The financial technology (fintech) sector in Indonesia is on the rise. Two years ago eWallets overtook ATM and debit cards as preferred payment methods in Indonesia and the country’s digital economy is likely to hit over $100 billion by 2025.
It’s not only the COVID-19 pandemic that is accelerating the popularity of these digital payment platforms as contactless payments are encouraged, but the country’s rapid digitalisation is opening up previously untapped potential avenues. These factors have set up a fintech battleground with giants like Gojek and Grab fighting for their market share in the pursuit of establishing themselves as the next big thing in the burgeoning fintech scene.
We explore some of the emerging trends in Indonesia’s promising payments app battleground.
If Indonesia’s fintech industry is of interest, check out our article about the top 5 non-banking e-wallets in the market.
The tip of the iceberg
Malaysia may have a lead in the highest use of eWallets and payment apps in Southeast Asia, but Indonesia has great potential to catch up due to the sheer size of its youthful population and encouraging signs of digital growth. Currently, only 48.85% of Indonesians access banking according to the Rapyd report 2020, and in 2019, only slightly more than half of the citizens had access to the internet. But, if these numbers rise as quickly as expected, they will contribute to an enormous growth spurt in eCommerce and fintech in Indonesia. Credit cards might still be used frequently, but eWallets are certainly rising in popularity among everyday customers.
J.P. Morgan reported that Indonesia’s mobile commerce market should expand at a compound annual growth rate (CAGR) of around 45.2% by 2021, and digital payment methods can also count on the support of the Government. In 2019, the Jakarta chapter of Bank Indonesia (BI) and the Jakarta-owned Bank DKI launched the Digital Island program to make cashless payment available to locals and tourists, through the use of QR Code Indonesian Standard (QRIS) which they provided to SMEs.
The country is also considering introducing flat rates for digital wallet payments, while other new regulations will make it more difficult for merchants without a physical location in the country to penetrate the market.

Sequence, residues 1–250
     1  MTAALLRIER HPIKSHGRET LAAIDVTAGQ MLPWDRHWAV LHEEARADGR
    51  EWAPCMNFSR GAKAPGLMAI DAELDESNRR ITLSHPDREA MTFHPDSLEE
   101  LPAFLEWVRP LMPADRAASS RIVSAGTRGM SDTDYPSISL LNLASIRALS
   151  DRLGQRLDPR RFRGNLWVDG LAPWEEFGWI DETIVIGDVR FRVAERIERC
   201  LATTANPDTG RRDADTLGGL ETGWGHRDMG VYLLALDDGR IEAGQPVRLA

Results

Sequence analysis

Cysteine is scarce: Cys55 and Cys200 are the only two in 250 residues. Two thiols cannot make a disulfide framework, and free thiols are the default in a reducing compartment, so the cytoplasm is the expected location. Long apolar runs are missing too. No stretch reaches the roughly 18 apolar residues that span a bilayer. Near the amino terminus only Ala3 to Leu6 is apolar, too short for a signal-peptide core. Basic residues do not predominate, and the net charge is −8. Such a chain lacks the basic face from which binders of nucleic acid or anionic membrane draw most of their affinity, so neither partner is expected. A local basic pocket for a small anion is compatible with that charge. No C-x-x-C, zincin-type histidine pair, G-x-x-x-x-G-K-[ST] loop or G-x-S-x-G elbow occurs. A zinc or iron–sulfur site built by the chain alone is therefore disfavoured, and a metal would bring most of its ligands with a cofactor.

Grab’s ambitious crossover
Grab, the largest mobile technology company in Southeast Asia wants to overtake its rival Gojek. It is planning to merge OVO, a company in which it owns shares, with DANA, a digital wallet provider, to offer a better and more trusted service to the Indonesian market. Grab is worth about $14 billion USD and Gojek is worth around $10 billion USD, so this strategy will put the Singaporean-based firm in a commanding position in the Grab-Gojek battle. The merging of the digital payments companies OVO and DANA could be Indonesia’s most ambitious crossover event to date.
According to New York-based market intelligence firm CB Insights, OVO has a valuation of $2.9 billion. DANA, averaging about 1.5 million transactions daily, is supported by funding from the Ant Financial Services Group and offers cashless and cardless payments for everyday needs.
The OVO-DANA merger could streamline local payment methods in the currently fragmented landscape of Indonesia. It could offer a chance to conquer a larger market share before expanding its services to become a super app. The resulting ease of service could be of extra value to customers and could help Grab in their battle with rival Gojek.
Gojek’s big plans for GoPay
With a strong presence in the market since 2010, Gojek is the Goliath of Indonesia’s digital payment economy. In the last ten years, it has undergone a massive transformation from being a simple ride-hailing service to becoming the largest super app in the country. Their one-stop platform with more than 20 services, one of which is GoPay—their digital wallet, has been downloaded by 170 million users across Southeast Asia.
In March of 2020, Gojek raised $1,2 billion USD to secure funds to take on Grab. Recently Facebook and Paypal invested in the app with an undisclosed sum. While the effect of this capital on GoPay is unclear, one thing is certain that Gojek will undoubtedly try to strengthen its position to defend and expand its market share against the OVO-DANA merger and other relatively smaller competitors.
Indonesia’s digital divide is a big issue for the market. We look into the topic here.
Various factors are contributing to the rise of eCommerce in Southeast Asia, and Indonesia in particular. The COVID-19 crisis, combined with the huge, largely untapped potential in the archipelago, has given rise to this battle of the digital payment services. Gojek has proven its value in the country and will try to secure its share using its recent funding to explore the market further. But the competition is fierce, and the merging of OVO and DANA might threaten its position. Their combined forces can offer an all in one solution to suit the local market. But in the end, the fintech in Indonesia war will be decided by the customers, who will act on their preference and choose the solutions that offer the most convenient method of payment.